Anxious Voices

by Suzanne Selfors

I had the fortune and misfortune of being born into a family that overflows with mental illness.

I say fortune because my family has provided me with some of the most colorful characters I’ve ever met. They’ve raised me, shaped me, influenced and inspired me.

I say misfortune because I don’t know anyone who would choose mental illness. I don’t know anyone who would say, “Hey, I’d sure like to be depressed and anxious, throw in some paranoia and addiction, and I’m good to go.”

I was an anxious child. But I didn’t know that word. Depression and anxiety weren’t common terms in the 1960s. And they certainly weren’t words that were taught to children. Armed now with hindsight and life experience, I can see how anxiety was always there. My mom said I was “tightly wound,” and I remember that whenever I stayed up too late or did too many things, I would break down by vomiting. While I didn’t have panic attacks, there were a few episodes when everyone’s voices would suddenly speed up and the world seemed to be going too fast. My heart would race. I’d find a quiet corner and sit until it passed.

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Finding Your Way Out of the Margins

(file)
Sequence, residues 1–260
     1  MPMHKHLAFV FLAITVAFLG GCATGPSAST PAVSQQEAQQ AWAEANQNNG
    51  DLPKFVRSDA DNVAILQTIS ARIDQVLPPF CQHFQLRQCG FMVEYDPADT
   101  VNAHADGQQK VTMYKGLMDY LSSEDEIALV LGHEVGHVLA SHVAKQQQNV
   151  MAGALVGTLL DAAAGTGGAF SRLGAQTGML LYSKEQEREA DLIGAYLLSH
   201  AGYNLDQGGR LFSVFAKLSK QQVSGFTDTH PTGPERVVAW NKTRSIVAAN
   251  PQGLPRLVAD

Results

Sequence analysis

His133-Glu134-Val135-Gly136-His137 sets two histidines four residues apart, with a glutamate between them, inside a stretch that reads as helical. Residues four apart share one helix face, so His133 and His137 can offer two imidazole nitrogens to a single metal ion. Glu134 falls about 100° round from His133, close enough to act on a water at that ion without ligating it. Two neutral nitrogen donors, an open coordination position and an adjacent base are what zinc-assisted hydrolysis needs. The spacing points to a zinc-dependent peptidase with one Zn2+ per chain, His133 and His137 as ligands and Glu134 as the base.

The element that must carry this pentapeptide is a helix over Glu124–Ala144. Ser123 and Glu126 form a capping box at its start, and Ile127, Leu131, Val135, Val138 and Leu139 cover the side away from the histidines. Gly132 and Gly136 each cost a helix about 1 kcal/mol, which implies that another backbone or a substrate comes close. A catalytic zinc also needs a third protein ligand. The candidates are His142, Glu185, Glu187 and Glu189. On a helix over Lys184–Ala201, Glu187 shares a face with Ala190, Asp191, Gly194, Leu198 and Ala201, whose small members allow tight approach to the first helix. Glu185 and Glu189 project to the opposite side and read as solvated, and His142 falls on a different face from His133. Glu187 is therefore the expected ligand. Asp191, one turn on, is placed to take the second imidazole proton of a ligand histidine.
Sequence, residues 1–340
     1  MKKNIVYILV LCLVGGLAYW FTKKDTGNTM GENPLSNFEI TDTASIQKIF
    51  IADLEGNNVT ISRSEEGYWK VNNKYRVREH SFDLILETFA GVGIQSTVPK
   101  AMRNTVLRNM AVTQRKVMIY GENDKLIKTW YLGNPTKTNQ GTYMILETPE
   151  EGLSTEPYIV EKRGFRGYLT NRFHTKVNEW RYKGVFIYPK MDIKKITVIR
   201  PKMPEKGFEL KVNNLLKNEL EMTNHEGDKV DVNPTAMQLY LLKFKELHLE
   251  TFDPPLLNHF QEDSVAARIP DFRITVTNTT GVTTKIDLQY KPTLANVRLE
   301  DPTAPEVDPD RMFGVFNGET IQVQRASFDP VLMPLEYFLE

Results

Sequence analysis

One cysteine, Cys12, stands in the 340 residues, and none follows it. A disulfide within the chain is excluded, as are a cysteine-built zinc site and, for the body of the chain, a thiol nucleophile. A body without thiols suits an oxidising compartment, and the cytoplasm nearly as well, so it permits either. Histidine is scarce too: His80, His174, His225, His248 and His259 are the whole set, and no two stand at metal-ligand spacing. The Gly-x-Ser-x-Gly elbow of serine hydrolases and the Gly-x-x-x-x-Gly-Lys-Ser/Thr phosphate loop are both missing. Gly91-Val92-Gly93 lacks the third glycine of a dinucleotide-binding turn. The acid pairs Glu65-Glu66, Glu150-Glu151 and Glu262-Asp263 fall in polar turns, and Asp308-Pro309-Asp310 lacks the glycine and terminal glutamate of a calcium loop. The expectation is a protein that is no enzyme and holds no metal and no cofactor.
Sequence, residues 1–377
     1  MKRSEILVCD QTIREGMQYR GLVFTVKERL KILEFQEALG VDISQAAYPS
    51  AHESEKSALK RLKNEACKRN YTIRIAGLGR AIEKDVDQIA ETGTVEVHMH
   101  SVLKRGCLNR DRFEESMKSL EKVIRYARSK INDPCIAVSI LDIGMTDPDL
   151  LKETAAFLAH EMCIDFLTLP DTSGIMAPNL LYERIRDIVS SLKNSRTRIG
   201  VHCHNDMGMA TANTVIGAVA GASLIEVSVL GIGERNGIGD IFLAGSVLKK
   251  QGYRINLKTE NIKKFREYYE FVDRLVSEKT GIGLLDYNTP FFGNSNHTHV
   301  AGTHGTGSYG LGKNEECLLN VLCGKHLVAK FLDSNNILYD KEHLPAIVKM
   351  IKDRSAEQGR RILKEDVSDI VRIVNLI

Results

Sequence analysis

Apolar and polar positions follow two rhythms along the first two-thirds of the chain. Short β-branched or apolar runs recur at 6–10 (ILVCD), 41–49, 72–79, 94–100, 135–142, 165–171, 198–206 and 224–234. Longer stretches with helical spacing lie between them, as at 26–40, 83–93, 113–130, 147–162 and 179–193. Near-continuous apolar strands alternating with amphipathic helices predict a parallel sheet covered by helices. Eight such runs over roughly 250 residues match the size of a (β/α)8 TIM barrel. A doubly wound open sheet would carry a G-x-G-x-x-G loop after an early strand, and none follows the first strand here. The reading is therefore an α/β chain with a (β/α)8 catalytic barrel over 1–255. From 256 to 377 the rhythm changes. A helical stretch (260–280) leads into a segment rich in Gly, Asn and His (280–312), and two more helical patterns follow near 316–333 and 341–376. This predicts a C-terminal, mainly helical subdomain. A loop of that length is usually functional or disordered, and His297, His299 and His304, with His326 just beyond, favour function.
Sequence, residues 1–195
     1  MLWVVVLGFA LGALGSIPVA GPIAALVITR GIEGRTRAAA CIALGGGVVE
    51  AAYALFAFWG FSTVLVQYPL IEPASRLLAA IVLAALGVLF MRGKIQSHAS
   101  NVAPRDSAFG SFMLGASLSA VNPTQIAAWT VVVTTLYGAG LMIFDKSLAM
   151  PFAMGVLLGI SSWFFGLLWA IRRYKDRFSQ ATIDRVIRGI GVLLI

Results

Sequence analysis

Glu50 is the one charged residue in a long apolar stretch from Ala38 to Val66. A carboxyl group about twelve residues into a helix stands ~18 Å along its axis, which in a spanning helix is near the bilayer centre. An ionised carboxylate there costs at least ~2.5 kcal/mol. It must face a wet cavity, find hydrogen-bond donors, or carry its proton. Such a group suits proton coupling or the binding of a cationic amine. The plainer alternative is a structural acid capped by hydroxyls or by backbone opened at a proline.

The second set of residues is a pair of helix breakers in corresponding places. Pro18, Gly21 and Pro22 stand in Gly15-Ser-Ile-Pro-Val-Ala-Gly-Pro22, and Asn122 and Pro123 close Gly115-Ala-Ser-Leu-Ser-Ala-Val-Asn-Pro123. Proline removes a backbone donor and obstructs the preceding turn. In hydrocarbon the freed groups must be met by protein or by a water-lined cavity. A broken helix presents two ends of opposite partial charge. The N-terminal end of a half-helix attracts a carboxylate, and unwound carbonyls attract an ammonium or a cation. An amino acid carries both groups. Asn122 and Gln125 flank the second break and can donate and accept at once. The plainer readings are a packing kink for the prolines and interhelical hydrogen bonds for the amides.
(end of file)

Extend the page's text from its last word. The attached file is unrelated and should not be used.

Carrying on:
By Caleb Roehrig

From the outside, it probably seems a self-evident choice when an author from a marginalized group chooses to write a protagonist that shares their lived experience. If “write what you know” is sound advice, then choosing to speak from a personal and underrepresented point of view would seem obvious. But for me and many other “own voices” writers, the decision was not obvious at all.

When I was a teenager, just discovering my love of writing, there was no such thing as It Gets Better, and no gay characters in fiction for young adults; if a gay person appeared on a television show, it was advertised as a stunt, aired at a special time, and came with a content warning; and if gay characters appeared in the movies, they were cruelly drawn caricatures, tragic victims or offensive comic relief. Back then, it never even occurred to me that a gay person could anchor a piece of mainstream art or entertainment.

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My very first attempt at a full-length manuscript was a YA horror novel about a teenage girl and her smart-mouthed pals. One of her friends was implicitly gay (not out, not on the page, but the subtext was there,) which was about as close as I dared come to representing myself in my own work. My second manuscript featured a straight male protagonist who, in a running gag, was frequently assumed to be gay by others—resulting in funny protests of the “not that there’s anything wrong with that” variety. My third attempt: straight girl MC with a gay friend. My fourth: straight girl MC with a gay friend.

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